An experiment in beaurocracy
We've been in France 5 years now. Labels: France
Officially I can now apply for French citizenship. And I will. I want to. It bugs me that I can't vote here. It will make me feel like I belong. Ever since I was little liked joining clubs and organisations.
So I went to the mairie and asked the wise woman, Yvette, what I need to do. She gave it heaps of "oh la la"'s and much tongue clucking. Luckily for me she had some application forms in the office. Apparantly someone else had once entertained the idea, but had given up because it was too difficult.
There are 2 forms to be filled in. Full of the usual stuff about me, the family dates of birth etc. The dossier will also require my parents birth certificates.
They also want a list of addresses and descriptions of all the jobs I have ever done.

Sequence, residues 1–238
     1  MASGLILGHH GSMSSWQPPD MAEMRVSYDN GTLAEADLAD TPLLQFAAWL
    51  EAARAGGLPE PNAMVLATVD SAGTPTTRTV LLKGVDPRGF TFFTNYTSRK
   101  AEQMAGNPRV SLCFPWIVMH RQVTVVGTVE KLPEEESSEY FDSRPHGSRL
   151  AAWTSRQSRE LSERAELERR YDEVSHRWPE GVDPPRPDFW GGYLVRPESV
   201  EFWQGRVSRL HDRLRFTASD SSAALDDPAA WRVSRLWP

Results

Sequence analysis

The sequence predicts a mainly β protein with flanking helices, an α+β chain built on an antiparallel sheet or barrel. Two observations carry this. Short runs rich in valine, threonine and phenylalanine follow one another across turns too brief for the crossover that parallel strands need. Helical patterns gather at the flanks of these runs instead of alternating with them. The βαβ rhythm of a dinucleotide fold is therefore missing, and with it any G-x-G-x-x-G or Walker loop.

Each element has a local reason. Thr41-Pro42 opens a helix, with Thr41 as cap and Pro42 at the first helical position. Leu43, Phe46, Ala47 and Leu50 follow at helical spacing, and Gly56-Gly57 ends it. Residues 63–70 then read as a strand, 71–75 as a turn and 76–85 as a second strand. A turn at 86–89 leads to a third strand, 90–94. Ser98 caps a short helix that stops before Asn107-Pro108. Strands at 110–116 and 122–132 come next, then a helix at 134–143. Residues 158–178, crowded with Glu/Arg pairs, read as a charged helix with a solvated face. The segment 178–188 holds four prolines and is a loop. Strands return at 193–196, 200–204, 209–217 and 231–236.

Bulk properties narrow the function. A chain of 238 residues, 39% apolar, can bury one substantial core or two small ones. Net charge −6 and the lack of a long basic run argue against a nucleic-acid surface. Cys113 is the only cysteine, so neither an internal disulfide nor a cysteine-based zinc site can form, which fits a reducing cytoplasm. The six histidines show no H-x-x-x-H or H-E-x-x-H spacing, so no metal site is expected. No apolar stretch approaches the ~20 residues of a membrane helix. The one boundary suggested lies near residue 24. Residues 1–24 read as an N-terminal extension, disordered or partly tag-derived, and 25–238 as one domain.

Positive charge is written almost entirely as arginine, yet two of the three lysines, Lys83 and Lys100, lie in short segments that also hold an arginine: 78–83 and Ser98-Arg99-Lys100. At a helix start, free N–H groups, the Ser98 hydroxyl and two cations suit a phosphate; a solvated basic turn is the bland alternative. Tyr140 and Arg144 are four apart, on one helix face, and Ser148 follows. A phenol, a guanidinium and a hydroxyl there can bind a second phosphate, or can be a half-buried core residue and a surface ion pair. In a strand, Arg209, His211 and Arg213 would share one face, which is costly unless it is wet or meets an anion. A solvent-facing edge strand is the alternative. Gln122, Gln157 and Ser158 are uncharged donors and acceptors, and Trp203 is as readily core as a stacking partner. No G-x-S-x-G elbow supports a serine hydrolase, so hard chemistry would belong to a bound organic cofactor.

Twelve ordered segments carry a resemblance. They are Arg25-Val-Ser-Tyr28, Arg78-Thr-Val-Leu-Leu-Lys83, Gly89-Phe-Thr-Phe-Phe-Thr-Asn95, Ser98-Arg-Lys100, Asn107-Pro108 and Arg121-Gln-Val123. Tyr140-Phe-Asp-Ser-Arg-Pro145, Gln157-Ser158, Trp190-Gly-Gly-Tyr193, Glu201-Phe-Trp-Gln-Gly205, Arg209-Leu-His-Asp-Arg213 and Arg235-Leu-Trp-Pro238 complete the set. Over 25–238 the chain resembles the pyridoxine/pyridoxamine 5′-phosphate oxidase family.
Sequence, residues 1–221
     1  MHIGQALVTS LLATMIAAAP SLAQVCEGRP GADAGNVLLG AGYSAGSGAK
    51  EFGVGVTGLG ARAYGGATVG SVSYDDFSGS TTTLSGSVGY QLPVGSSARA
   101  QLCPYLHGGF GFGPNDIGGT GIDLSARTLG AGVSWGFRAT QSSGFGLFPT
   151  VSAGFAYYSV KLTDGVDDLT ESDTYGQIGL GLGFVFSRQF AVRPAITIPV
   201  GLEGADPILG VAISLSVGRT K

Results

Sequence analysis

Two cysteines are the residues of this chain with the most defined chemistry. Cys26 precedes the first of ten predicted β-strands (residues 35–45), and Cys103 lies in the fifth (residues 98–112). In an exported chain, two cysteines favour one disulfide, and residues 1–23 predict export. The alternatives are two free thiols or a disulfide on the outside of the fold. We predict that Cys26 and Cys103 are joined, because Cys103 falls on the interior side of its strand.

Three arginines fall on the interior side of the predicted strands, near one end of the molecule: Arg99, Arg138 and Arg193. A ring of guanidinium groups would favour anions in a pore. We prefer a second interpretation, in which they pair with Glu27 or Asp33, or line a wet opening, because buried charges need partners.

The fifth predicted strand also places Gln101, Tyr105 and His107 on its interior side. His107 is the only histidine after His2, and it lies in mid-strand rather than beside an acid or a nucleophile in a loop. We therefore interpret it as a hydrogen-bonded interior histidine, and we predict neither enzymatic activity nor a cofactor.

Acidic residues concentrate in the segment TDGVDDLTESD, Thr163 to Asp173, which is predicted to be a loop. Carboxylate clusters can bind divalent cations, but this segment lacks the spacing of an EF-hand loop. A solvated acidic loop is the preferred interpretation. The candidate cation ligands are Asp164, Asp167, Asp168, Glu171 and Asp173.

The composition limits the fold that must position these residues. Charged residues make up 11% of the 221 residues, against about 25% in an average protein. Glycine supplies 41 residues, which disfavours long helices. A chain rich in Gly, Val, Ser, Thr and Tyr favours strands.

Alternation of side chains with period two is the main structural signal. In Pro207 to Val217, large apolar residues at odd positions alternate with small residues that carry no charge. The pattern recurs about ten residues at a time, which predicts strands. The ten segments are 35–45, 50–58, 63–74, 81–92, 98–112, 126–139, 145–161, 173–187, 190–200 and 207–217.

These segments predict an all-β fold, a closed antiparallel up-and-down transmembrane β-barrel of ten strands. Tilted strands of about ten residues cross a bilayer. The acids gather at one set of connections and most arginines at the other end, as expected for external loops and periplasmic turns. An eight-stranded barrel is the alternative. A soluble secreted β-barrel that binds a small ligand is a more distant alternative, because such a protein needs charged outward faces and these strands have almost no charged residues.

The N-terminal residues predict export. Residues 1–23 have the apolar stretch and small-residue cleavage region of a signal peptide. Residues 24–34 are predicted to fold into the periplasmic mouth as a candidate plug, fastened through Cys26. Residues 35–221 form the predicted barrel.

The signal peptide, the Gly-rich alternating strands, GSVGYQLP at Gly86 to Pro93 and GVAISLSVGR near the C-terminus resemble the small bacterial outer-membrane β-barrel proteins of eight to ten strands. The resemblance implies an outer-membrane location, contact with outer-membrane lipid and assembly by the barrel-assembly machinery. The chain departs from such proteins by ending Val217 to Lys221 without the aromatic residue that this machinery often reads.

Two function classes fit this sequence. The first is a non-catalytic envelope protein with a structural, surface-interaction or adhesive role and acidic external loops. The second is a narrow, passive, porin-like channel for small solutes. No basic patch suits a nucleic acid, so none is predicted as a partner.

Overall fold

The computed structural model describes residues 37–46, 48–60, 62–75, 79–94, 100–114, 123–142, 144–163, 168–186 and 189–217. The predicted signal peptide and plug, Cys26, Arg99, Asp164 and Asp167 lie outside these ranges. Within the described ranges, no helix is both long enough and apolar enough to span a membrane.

They want a list of all the addresses I have ever lived at.
They want my last three payslips and the payslips for the months of December for the last three years.
All certificates: my birth certificate, Fiona's, the kids' birth certificates, our marriage certificate have to be translated into French.
Then, armed with all this they will ask the police to run a background check on me and request any UK police records. They will interview the mairie to ensure I am a person of good morals.
I will then be tested on my understanding of my civil rights and understanding of my civic duties and finally, my mastering of the French language.
AT the end of all that I can become French. I can hold dual citizenship so no need to renounce anything.
I will be able to vote but I will still be unable to donate blood. Crazy french.